The route stage ends when an asset is no longer needed. But naturally, in most cases, this doesn’t mean that it needs to be discarded. Organisations commonly reuse and repurpose digital assets, and therefore, those files need to be stored correctly so that they can be retrieved later, if needed. 

Because of that, this can be quite a complex stage of the entire digital asset lifecycle process, involving:

  • Creating a categorisation system for assets, including ways to categorise files by type, use-case, and many other factors
  • Defining meta-data and meta-data workflows for files
  • Creating a clear and concise folder structure so that all assets are organised in a logical way
  • Developing file naming conventions, and more. 

(Note – shortly in this guide, I’ll show you how to use a digital asset management system to define all these aspects and more.)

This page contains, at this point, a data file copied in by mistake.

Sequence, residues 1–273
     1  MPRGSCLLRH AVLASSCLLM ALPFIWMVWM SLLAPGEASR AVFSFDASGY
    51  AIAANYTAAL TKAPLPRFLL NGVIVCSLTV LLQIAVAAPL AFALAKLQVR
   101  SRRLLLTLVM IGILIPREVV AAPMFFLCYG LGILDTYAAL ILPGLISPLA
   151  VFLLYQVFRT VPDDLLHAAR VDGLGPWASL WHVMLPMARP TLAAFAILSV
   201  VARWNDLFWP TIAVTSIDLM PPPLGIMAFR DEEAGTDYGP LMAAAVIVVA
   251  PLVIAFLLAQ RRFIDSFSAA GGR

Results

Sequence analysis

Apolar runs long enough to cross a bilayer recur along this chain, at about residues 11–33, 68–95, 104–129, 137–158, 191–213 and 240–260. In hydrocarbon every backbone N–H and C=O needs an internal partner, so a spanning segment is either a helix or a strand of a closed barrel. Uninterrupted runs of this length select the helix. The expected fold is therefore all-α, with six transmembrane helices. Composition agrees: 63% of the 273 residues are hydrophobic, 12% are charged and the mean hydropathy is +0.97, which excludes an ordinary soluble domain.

5. Retrieval

Finally, as assets often get reused, part of the asset lifecycle process involves defining strategies for easy and fast file retrieval. 

This is also where solid workflows for storing and archiving assets come into place. With clear folder structure, strong meta-data, file naming conventions, and more, you can reduce the time it takes teams to locate and access whatever files they need.

How to manage the complete digital asset lifecycle process?

I mentioned digital asset management (DAM) systems several times when walking you through the process above, and that’s for a reason. DAM platforms are ideal for managing digital asset lifecycle, after all. 

So, what is digital asset management, specifically?